Mr O'Donnell also said that animal welfare and public perception will remain major issues faced by the industry in the future but that the new SCA system will ensure the survival and profitability of the trade.

"Live export is critical to northern Australia and it is a very defendable trade," he said.

"The industry has been through the worst and can only get better and stronger through these new systems."

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READER COMMENTS

mike tancock
1/12/2011 9:00:43 AM, on Farm Weekly

So if the importers of Australian cattle refuse to abide the guidlines of the Supply Chain Assurance will they be denied the right of purchase? Industry bodies have ignored for decades the festering sore that is the Australian live export industry. Mr. O'Donnell you claim the game has been raised to a new level so will you request Four Corners to film a sequel? Animal transportation by sea has been happening for hundreds of years but the practice has had limited improvement compared to most other industries. Mortality rates are blithely accepted by all involved. Time to lift the game
lulu
1/12/2011 1:57:37 PM, on Farm Weekly

Defendable my arse!
Pauli T
2/12/2011 8:08:11 PM, on Farm Weekly

MLA MAKE BIG PROFITS. SO WHY THE BLOODY HELL DON"T THEY SPEND SOME OF IT ON ANIMAL WELFARE??? AFTER ALL IF IT WASN'T FOR THE ANIMALS, MLA WOULD'NT MAKE ANY $$. AND IT"S NOT JUST ANIMAL ACTIVISTS THAT WANT THIS CRUEL TRADE STOPPED, IT'S MOST OF AUSTRALIA. PROFITS NEED TO BE SPENT SETTING UP A CHILLED MEAT EXPORT SYSTEM, THIS IS WORKING IN PARTS OF THE MIDDLE EAST NOW THAT USED TO IMPORT LIVE ANIMALS. AUSTRALIA'S REPUTATION IS BEING RUINED BY THE CRUELTY INVOLVED IN LIVE EXPORT. IT'S TIME TO CHANGE THE WAY WE EXPORT MEAT. AUST TAX PAYERS WOULD RATHER SEE THEIR $ SPENT ON THIS TOO.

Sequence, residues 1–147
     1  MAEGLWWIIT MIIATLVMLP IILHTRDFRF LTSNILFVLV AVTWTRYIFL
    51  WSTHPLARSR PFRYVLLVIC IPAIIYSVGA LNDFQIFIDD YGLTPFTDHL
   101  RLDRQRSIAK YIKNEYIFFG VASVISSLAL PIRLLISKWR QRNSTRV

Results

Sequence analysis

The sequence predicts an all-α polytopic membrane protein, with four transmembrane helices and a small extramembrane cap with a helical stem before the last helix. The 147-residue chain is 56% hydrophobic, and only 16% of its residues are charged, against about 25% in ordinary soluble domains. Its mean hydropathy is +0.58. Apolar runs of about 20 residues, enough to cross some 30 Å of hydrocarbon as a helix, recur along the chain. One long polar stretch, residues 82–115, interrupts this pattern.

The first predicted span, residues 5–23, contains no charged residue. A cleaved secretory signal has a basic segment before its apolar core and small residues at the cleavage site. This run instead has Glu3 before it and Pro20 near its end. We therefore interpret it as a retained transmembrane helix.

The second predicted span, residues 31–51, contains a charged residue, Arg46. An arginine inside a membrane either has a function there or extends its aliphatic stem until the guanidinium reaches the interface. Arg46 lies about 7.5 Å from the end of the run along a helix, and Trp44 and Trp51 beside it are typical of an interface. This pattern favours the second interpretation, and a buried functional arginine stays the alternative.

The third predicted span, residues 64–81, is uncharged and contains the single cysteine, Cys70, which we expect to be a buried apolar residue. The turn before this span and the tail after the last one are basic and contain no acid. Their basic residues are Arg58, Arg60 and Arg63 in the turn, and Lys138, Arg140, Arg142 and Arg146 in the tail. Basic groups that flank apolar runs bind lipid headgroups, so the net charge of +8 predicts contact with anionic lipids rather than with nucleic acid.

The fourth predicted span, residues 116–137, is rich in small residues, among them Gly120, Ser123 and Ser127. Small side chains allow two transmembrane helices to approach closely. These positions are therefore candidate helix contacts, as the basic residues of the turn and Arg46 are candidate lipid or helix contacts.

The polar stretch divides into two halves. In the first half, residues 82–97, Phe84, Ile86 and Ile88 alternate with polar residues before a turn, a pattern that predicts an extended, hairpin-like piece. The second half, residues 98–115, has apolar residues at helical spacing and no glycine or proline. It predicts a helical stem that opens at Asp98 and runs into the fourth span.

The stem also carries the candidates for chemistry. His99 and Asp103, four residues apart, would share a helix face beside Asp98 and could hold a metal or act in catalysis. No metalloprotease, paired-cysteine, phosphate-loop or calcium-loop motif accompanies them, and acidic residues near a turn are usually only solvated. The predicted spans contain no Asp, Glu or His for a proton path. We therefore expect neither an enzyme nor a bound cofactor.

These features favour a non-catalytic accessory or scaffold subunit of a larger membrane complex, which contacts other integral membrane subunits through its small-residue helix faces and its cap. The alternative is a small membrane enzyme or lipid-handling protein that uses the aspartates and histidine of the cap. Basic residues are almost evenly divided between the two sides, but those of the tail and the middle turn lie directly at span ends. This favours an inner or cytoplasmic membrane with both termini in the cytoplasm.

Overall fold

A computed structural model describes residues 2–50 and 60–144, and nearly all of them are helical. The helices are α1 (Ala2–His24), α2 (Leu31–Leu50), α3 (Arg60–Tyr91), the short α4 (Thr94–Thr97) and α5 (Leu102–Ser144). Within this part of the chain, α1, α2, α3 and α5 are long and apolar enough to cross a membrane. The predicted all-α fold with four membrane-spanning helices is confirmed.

Nicky
3/12/2011 2:17:24 PM, on Farm Weekly

Any self-regulated SCA is completely worthless. The tags will be traced and nothing more. The Farmer report said bugger-all that is not on the MLA website and the Setate Review was the same. People, don't think anything had changed for the millions of sheep, cattle and goats. They will still suffer horror sea voyages up to 41 days to atrocious handling and slaughter practices. Tagging animals is simply worthless. NOTHING eill change for these animals while politicians continue to get sucked in by the few that make a 'killing' on the bakck of horrendous animal suffering.
Paul Wilson
5/12/2011 4:24:39 PM, on Farm Weekly

One thing I've been curious about... When a minority is shown doing the wrong thing, why is it that the majority must suffer. wasn't the footage on Four Corners of only a few abattoirs? yet how many are there in Indonesia?? If you see footage of a hobby farmer treating their cattle horrifically, do you automatically assume all other farmers treat their animals the same? or a dog owner that beats and starve his 'best friend', are all other dog owners the same?
Pauli T
7/12/2011 2:02:24 PM, on Farm Weekly

@ Paul... Not all farmers are cruel, we are not saying that, we are concerned about all forms of animal cruelty. The only way to export meat is boxed. We are not saying don't eat meat nor do we want to destroy good farmers. Good on them for going about their business in a humane manner... I think cruel farmers & cruel farming practices are making all farmers in general look bad. Farmers need to keep check on sadistic workers they employ, i have seen this for myself, some people should not be allowed to work with animals..If it wasn't for animals a lot of people would not have an income.

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You had better check your sources ATB!
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I came across this article on Arrabiddy Station. The brick homestead was built in august
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I couldn't think of anything more painful or fruitless than sitting on a board that does not